By Philip Hersh / Chicago Tribune
Chicago’s apparently swelling hopes to become host of the 2016 Summer Olympics, as well as those of any other U.S. city, could be damaged severely by the U.S. government’s continued refusal to let Cuba compete in the World Baseball Classic.
The International Olympic Committee demands governments of Olympic host countries grant entry to all legitimate athletes from recognized National Olympic Committees, although each nation retains the right to exclude people for reasons including past criminal behavior or security.
Even if the Bush administration promises future Cuban Olympic athletes would be admitted, many IOC voters would be quick to bring up the baseball situation as an example of the United States taking sports hostage for political reasons.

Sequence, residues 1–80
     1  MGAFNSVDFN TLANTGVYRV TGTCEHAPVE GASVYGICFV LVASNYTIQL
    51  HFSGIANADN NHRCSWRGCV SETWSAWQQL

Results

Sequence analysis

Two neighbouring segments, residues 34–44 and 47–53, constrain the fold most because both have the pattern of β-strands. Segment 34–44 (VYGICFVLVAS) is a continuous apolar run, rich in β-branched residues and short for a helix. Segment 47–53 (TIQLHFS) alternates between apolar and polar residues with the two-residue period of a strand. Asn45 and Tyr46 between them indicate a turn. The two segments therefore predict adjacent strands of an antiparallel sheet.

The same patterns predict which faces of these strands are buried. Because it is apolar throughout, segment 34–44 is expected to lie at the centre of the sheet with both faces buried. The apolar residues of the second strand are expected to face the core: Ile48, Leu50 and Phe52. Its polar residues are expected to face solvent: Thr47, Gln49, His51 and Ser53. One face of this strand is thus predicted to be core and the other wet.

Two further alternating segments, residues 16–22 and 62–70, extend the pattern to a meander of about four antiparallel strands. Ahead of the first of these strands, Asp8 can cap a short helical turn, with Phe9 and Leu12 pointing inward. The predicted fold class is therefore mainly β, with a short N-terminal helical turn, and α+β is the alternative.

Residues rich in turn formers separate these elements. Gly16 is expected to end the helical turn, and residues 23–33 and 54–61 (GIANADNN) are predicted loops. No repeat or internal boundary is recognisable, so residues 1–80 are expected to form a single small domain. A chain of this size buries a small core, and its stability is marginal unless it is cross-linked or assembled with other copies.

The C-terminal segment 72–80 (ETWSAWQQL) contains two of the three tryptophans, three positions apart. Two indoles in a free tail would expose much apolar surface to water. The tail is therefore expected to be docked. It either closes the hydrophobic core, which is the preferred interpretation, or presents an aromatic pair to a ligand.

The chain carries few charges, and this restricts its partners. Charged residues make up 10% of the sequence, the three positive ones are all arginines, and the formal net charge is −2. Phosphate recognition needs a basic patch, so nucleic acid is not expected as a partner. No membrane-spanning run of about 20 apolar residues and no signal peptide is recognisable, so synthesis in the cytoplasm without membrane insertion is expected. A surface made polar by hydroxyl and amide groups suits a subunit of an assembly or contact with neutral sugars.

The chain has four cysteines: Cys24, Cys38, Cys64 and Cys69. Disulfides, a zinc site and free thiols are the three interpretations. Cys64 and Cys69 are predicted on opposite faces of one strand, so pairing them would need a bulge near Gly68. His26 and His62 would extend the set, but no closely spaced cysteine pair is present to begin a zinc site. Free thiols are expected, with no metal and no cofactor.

“We would need to have guarantees in terms of immigration, of all athletes and all countries, to avoid this issue we have with Cuba,” IOC president Jacques Rogge told the Associated Press Wednesday.
President Bush no longer will be in office when the IOC chooses the 2016 host in 2009. But IOC members have long memories and that might affect the United States Olympic Committee’s decision, expected by mid-year, about having a U.S. candidate for 2016.
As IOC member Richard Pound of Canada once said about a U.S. visa denial for an athlete: “It is like a social disease. It will come back to haunt you at the most embarrassing times.”